twitter

Go Read This | Magazines and Twitter | Exact Editions | Blog

Great post from Adam Hodgkin about how magazines and twitter are likely to cooperate much more in the years ahead! I was struck by his second paragraph for some reason:

After five years of scraping around with Flash, and then two years of figuring out how to do good stuff on the iPad, the digital magazine business has reached a stage where it seems clear that the ‘next step’ will be heavily ‘social’, in which magazines recapture their strong position as guardians and builders of specialist interest groups. So digital magazines are already beginning to embrace the importance of tweeting, sharing, emailing and linking to favourite stuff in magazine contents.

via Magazines and Twitter | Exact Editions | Blog.

Twitter And Creativity: The IMF Dublin Diary

One of the reasons I like Twitter is that people can use it to create personas and characters. Sometimes these are fake accounts of real characters or faux profiles mocking celebrities and sometimes they are the imagined accounts of fictional characters like the example below:

What happens far less, but something I believe will begin to happen more (and has been part of several projects I’ve seen), is original or newly created fictional characters inhabiting social and web spaces. Penguin used Twitter and blogs to tell Slice, one of the stories in their We Tell Stories experiment.

Which brings me to the IMF Dublin Diary a twitter and blog creation of another Twitterer and blogger, The Mire. That word creation is the important word, because this is creation, it is art in the true (if un-stuffy) sense. The imagined thoughts of the IMF’s (not) pointman in Dublin, it is rich satire and high comedy (though dark given its content) and what is more it uses the medium very well.

You could argue that all it does is take an old idea and transfer it to a new medium and while that’s true, I think it does it very well. The execution is precise and measured, the tone feels right and the reflections on Irish society, ministers and civil servants have, at least for those of us living through what are strange and interesting times, a ring of truth, along with a splash of whimsy and a sprinkle of insanity.

My 2009 Publishing Heroes

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Everyone is off writing prediction posts for 2010 (follow them on George’s wonderful tracker), I thought I might take a brief minute or two to consider the heroes of 2009. At least my heroes. I tried to keep it to a small list (5) and I chose them for personal reasons, they may grate with some (and yes I kinda broke my own limit with one of them).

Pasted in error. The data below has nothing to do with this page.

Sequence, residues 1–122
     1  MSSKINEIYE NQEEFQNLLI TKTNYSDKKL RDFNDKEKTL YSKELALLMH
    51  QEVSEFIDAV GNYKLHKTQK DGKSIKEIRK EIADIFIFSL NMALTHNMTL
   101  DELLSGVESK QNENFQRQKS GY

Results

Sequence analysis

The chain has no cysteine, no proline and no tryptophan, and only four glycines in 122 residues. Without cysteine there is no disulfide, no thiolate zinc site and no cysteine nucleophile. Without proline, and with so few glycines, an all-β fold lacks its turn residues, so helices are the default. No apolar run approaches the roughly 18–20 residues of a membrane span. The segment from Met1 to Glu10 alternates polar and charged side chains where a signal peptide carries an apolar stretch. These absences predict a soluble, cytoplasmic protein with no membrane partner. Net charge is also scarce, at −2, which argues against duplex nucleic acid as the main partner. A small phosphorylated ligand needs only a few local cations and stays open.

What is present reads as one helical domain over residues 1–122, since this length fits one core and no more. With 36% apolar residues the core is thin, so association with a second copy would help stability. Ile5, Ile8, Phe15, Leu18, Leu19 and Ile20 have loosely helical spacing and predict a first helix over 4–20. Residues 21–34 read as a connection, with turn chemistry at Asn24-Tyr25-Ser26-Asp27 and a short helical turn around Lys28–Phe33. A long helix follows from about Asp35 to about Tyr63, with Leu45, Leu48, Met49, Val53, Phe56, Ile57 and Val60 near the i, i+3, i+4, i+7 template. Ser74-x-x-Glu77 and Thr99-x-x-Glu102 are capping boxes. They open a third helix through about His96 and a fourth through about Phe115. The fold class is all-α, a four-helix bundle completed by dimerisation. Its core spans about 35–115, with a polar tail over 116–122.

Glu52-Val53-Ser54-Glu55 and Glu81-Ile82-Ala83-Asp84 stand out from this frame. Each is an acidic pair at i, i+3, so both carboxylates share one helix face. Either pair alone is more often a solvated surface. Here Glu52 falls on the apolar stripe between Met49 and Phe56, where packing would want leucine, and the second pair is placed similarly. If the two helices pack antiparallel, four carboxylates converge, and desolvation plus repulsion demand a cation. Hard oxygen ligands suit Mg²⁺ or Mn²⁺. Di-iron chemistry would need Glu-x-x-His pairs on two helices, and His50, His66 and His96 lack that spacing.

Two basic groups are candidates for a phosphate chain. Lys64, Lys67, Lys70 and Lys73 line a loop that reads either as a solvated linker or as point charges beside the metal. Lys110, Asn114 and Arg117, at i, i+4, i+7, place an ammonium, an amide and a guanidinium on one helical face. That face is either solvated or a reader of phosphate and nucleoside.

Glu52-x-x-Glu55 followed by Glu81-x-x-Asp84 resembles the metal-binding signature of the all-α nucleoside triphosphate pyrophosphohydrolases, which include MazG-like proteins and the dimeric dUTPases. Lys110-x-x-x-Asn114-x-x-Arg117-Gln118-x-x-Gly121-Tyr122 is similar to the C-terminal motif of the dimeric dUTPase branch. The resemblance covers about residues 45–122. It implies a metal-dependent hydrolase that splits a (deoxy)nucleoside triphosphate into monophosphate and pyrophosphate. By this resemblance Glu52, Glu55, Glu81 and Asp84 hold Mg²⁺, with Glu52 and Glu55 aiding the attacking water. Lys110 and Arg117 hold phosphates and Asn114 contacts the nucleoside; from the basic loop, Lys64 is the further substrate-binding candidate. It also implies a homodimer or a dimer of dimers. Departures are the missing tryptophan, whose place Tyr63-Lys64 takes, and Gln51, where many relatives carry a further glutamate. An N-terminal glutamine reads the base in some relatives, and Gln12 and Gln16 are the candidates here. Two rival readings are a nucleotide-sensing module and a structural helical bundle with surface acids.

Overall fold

Dominique Raccah – The Innovator
When I saw Dominique speak at TOC Frankfurt I was blown away. She was the breath of fresh air that I had been waiting for in the industry, she is passionate, articulate and insanely clever. She grasped the challenge of publishing in the present age brilliantly and has responded in kind. Her discussion of the publishing continuum has revolutionised my thinking on digital offerings and content and her passion for her company and its future is manifest and heartening. She is at the core of the discussion about how to respond to the challenge of digital content from the publishers perspective and I think she has the answers. She is a hero for 2010, and I suspect for many years to come too.

Mike Cane – The Writer’s Advocate and Alarm Bell
Cane provides solid analysis (caked as it can sometimes be in vitriolic hyperbole). His vision is not even remotely tainted by the fact that it comes solidly from a writers perspective, in fact in many ways that is his strength. Too much for some, he is never shy with his opinion but willing to respond when challenged and corrected.

The Quartet – The Try-ers
They briefly excited the online e-vangelist echo chamber with their hopes and ambitions for a digital only press. They failed. Trying something big and scary and failing publicly can be disheartening, dispiriting and depressing. But the Quartet have dusted themselves off and moved on with a speed and alacrity that is impressive.

James Bridle – The Inventor
James continues to amaze with the work he produces and the ideas he brings to fruition. I heartily recommend following him if only for the sense of wonder you have when you read about his latest project or the awe you feel when looking at the pictures he produces of them.

Jose Afonso Furtado – The Source
A seeming unstinting dedication to reading and linking out to the best stories online in the media, publishing and book sphere, is Jose’ great strength. If you follow his twitter deed you will be connected and in the loop on just about all the trends you might need to monitor.

It’s not a long list, but I think it’s a good one!
Eoin